The main gallery at the Yukon Arts Center opened on Monday for the 40th exhibition of the permanent art collection.
This year’s exhibition, titled Collective memory, celebrates the last four decades with all the changes, evolutions and developments seen in the artistic community of the territory.
Garnet Muething, the art curator at the Department of Tourism and Culture, said there is a wide variety of artistic mediums, from beadwork to carvings, sculptures, large canvases and more.
“For the first time, we are showing over 20 new acquisitions from the collection that have never been shown before. So people can see these brand new pieces alongside pieces that have been collected since the early 1980s” , she said. .
The Permanent Art Collection was founded in 1981 to preserve, honor and share the visual arts of local artists.
With the new acquisitions, the collection now has over 500 works by 275 artists, most of whom are Yukoners.
“We also have artists who either had a meeting with the North or came to spend time here,” Muething explained.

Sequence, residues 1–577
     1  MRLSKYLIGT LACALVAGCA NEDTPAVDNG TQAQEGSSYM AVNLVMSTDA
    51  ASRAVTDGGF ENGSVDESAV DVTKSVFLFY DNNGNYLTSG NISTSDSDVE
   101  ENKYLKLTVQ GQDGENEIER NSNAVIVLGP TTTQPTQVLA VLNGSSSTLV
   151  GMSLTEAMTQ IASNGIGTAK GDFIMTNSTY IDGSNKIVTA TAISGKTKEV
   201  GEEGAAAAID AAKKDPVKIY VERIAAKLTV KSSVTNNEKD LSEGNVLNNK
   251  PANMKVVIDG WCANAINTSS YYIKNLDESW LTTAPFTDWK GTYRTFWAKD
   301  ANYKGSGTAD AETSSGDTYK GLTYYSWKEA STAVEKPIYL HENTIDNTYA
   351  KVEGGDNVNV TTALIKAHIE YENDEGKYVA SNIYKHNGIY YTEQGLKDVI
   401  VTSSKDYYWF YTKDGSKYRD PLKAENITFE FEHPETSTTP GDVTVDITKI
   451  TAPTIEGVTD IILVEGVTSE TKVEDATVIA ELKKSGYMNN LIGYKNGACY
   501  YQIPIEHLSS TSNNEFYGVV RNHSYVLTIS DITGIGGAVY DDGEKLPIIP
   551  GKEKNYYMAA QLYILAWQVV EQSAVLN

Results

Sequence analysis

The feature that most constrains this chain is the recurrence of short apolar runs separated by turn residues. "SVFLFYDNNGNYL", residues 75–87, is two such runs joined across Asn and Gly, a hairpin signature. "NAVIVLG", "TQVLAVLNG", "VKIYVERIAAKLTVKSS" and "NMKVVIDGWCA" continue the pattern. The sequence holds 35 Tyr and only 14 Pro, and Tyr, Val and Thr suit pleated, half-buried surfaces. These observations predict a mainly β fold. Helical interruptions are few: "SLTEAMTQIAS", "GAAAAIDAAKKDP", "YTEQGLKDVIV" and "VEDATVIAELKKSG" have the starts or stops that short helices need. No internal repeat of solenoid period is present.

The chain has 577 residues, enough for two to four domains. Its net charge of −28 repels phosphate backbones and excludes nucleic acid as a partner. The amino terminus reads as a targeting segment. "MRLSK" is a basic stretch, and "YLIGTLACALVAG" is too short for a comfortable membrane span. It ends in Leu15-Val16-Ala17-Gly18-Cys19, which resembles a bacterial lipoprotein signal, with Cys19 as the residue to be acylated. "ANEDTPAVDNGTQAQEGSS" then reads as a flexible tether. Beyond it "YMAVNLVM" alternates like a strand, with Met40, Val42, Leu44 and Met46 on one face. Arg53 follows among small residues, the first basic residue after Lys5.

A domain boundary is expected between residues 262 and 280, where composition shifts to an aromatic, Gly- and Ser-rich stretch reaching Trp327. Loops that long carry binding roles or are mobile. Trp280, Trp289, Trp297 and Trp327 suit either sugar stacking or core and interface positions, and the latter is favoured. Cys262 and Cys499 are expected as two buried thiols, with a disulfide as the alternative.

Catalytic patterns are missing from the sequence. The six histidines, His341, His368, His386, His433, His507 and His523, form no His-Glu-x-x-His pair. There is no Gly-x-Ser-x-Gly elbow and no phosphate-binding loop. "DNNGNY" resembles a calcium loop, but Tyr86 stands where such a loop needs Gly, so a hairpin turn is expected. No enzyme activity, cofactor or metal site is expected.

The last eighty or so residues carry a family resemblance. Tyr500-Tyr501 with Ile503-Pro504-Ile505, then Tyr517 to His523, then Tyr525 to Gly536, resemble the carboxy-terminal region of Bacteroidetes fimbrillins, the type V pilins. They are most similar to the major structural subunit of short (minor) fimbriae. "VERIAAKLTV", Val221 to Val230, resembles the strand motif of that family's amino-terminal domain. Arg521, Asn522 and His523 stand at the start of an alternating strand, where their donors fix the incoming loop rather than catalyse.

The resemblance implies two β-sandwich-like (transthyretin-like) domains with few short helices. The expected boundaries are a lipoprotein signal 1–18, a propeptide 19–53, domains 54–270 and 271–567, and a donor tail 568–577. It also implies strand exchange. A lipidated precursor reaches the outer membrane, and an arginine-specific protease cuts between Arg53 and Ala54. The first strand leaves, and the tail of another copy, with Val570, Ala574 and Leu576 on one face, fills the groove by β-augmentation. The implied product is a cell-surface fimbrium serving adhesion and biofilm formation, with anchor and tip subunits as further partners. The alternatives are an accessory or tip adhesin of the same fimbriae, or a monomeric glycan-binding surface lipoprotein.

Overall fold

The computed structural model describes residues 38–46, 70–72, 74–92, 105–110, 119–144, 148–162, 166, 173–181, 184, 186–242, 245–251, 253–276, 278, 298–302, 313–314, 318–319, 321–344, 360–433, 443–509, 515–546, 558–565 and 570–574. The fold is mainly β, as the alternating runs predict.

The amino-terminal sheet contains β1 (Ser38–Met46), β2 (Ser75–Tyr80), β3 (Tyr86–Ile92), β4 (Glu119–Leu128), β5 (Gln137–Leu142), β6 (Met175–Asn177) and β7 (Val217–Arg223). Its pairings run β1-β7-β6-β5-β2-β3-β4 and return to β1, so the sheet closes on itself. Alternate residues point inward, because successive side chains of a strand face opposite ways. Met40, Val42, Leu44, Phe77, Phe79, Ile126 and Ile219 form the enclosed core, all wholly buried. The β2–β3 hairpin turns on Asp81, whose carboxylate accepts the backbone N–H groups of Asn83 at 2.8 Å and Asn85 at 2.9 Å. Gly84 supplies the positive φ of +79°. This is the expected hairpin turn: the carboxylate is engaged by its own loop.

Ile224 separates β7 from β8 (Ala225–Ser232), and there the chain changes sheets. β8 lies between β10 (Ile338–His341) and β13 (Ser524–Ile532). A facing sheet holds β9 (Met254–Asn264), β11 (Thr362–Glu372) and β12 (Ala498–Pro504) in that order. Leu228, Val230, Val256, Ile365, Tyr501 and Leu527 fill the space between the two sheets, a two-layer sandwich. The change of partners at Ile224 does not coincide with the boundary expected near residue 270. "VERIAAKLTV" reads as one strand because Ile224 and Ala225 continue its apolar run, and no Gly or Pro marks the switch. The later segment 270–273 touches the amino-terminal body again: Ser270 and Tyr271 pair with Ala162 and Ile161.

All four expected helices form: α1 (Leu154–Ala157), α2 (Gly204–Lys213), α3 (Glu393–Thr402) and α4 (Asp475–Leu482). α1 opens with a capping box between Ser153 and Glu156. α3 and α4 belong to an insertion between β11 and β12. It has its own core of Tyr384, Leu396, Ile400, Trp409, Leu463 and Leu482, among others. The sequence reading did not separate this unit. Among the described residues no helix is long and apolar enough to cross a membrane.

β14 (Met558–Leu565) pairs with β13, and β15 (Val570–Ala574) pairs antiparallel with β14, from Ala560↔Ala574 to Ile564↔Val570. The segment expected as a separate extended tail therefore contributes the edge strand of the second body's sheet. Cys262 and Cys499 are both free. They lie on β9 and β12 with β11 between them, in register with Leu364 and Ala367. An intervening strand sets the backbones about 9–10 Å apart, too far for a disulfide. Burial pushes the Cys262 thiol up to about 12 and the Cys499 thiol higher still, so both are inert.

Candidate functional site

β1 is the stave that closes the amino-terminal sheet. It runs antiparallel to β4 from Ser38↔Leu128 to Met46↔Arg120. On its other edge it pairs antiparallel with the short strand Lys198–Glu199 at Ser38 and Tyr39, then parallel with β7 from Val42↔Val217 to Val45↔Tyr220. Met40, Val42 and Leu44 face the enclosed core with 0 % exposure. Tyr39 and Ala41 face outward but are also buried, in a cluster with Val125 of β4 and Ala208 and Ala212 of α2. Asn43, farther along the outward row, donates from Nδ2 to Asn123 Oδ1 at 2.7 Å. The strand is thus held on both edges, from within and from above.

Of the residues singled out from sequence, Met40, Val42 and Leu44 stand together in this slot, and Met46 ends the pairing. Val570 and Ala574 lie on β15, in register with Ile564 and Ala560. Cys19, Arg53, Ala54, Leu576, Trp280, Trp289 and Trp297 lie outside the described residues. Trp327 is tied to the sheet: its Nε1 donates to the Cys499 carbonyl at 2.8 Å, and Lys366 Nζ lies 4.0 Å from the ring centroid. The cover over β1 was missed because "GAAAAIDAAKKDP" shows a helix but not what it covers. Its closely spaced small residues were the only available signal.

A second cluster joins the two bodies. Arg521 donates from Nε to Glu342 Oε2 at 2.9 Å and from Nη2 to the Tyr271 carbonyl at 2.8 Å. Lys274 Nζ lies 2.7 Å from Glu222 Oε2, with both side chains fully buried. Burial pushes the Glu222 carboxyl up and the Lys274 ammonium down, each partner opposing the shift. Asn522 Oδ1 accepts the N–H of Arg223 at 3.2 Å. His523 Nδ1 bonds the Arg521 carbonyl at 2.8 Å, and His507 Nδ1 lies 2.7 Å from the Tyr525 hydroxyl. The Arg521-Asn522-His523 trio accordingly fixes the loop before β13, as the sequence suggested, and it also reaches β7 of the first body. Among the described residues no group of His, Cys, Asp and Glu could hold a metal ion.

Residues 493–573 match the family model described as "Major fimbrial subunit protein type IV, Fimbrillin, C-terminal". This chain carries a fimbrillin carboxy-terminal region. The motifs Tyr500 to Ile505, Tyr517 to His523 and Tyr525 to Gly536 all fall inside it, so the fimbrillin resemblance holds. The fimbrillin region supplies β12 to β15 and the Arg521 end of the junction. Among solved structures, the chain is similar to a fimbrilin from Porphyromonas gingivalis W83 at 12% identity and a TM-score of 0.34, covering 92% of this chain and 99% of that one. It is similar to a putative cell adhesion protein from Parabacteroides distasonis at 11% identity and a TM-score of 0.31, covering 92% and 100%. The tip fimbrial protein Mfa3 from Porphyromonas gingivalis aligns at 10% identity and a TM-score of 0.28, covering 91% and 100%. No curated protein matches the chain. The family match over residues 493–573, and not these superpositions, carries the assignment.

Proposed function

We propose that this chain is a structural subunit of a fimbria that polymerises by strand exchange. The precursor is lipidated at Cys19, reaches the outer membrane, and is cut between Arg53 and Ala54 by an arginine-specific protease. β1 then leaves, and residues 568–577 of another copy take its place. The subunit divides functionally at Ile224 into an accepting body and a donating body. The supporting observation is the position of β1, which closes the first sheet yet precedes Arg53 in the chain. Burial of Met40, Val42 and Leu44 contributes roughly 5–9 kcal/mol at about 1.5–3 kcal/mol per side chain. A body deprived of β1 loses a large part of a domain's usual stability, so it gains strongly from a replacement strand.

The collection also includes a range of artists, from established talents to people who are at the start of their careers.
Some pieces on this year’s new list of acquisitions come from artists who have never been featured before, such as Cécile Girard from the Association Franco-Yukonnaise (AFY).
In 2017, for Canada’s 150th anniversary, the AFY created From thread to history, a community project that recreated, in the form of dolls, the Francophone characters who marked the history of the territory. Girard and 13 other designers made the dolls.
“When we started the project, we didn’t know how it was going to turn out, but they were so beautiful that we wanted to keep them together,” said Girard, who moved to the Yukon four decades ago.
All 14 dolls include characters from the gold rush and other historical moments and will now be permanently kept in the collection.
“These dolls celebrate the history of the French community and French history here in the Yukon, so knowing that they are part of the permanent art collection means so much to me and I’m sure the community as well. “, said Girard.
Although the permanent art collection includes hundreds of pieces, Muething, the art curator, said only a third of the art is on permanent display. This includes approximately 80 pieces at the main gallery, a few in Yukon communities, and the rest are stored in a temperature-controlled vault at the Yukon Art Centre.
“It’s a really unique opportunity to see such a large part of the collection, as we are normally able to hold smaller pieces of it,” Muething said.
The Collective Memory exhibition will be open to the public until February 25, 2022.